On 7 January 2021, the day marking the highest number of daily coronavirus infections Japan had seen up to that point (7563), Suga made the bold pledge to improve the coronavirus situation within one month. On the same day, Suga reconfirmed his resolve to hold the Tokyo Summer Olympics starting in July 2021, regarding the Games as “a proof of human victory against the coronavirus”. This will be a challenge, as vaccination in Japan will start at the earliest by the end of February 2021. Meanwhile, Richard Pound, a Canadian senior IOC member has expressed his doubts on whether the Olympics will be able to go ahead as planned. Furthermore, big name athletes are pondering whether the Games will go ahead, and if so, whether they will and should participate in them.
Suga’s claims about the Olympics contrast to public opinion, with an NHK poll from December 2020 showing that a majority of the Japanese people would prefer to have the Olympics postponed (31%) or even cancelled (32%). A more recent Kyodo poll saw those numbers rise to 44.8% and 35.3% respectively, meaning that 80% of its participants did not want the Tokyo Olympics to take place as foreseen in the summer of 2021. Adding to this, the budget for the Olympics has been further raised due to the delay, making them the most expensive Summer Olympics on record. This contrasts with the fact that most of the funding for the Olympics is public money (officially about USD 8.7 billion, but in reality likely to be a lot more).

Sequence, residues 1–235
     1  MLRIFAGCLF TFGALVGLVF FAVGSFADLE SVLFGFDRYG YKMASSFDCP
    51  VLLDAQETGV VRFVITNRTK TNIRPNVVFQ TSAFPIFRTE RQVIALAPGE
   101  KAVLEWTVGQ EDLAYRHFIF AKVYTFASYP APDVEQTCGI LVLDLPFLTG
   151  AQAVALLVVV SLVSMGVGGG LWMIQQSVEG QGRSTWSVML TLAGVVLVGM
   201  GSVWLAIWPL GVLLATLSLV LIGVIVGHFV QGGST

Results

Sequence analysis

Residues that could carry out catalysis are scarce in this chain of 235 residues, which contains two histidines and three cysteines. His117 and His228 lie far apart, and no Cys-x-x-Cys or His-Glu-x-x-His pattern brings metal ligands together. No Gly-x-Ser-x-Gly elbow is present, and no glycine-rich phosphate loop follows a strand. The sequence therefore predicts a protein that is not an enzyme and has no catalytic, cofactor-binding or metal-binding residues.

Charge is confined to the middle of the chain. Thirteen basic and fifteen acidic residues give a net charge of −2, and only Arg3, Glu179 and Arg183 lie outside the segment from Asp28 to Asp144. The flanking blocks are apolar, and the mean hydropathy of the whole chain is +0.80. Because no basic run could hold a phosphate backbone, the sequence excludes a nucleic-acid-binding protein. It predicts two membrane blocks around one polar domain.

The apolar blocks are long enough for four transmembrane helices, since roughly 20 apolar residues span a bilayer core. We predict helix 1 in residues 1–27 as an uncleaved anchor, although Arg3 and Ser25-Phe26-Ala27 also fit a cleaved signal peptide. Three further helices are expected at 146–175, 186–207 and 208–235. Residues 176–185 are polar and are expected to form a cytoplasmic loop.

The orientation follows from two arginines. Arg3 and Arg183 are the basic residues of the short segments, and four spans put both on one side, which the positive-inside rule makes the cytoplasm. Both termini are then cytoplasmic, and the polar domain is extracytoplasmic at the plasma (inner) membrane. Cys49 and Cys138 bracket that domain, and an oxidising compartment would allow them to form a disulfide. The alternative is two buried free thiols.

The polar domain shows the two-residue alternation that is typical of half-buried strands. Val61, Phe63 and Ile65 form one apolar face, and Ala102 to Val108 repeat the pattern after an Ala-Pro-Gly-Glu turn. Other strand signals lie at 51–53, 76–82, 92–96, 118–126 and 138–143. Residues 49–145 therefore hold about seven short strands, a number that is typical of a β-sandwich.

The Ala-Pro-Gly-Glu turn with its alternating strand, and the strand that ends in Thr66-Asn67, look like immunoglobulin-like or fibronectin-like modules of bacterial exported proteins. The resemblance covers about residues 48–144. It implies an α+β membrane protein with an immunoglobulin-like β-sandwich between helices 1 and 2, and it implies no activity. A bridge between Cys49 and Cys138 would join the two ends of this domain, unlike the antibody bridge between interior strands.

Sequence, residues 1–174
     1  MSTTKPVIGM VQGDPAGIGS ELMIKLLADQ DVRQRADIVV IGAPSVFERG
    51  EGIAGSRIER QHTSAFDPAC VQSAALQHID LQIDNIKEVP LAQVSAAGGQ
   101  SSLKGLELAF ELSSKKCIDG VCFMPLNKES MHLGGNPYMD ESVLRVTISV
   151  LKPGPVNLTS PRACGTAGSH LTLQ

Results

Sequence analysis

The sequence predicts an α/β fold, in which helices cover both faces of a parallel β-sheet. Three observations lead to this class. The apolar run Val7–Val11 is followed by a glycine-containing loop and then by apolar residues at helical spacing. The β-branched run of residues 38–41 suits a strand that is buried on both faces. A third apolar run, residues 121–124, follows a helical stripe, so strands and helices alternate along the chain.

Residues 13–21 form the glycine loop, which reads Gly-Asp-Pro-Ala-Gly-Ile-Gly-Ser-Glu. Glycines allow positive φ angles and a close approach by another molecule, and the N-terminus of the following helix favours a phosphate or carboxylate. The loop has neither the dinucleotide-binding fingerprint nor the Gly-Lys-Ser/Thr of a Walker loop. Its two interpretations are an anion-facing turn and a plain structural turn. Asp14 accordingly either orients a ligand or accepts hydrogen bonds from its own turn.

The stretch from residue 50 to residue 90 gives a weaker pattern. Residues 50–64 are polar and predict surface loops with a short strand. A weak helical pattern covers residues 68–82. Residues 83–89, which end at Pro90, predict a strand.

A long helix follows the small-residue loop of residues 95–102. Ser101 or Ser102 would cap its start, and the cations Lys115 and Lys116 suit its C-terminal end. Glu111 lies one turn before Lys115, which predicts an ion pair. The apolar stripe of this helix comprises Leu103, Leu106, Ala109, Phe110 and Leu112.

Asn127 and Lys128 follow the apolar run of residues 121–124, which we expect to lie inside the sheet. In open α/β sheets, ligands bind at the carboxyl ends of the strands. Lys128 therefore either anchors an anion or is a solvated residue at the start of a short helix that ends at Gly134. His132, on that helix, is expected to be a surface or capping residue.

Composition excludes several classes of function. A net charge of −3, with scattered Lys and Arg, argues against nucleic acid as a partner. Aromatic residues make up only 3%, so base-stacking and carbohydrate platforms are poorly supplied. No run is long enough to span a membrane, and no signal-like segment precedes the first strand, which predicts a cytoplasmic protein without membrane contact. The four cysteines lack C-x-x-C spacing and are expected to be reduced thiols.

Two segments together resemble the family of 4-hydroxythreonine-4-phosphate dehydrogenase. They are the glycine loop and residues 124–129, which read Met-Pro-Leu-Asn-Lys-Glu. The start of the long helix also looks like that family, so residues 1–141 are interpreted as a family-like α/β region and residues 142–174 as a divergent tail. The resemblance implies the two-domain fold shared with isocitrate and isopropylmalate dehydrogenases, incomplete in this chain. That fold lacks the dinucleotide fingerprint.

Before becoming Prime Minister of Japan, Suga promised a continuation of Abe’s foreign policies. In his opening speech at Japan’s yearly Ordinary Diet Session (where the national budget and proposed legislation are discussed) starting on 18 January 2021, the statesman elaborated on his foreign policy vision.
Suga’s vision is that of a “unified world” and of multilateralism. The Free and Open Indo-Pacific (FOIP) concept remains central to Japan’s foreign policy and with this in mind, Suga expressed his intention to further strengthen cooperation with the United States, Europe, ASEAN countries, Australia, and India.
Relations with South Korea remain tense and have even deteriorated over the last months due to issues relating to events dating back to the Second World War, such as “comfort women” (forced prostitution) and forced labour. Suga noted the “extremely severe situation” of their bilateral relations. With this in mind, the PM urged the government of the Republic of Korea (ROK) to take “appropriate actions”.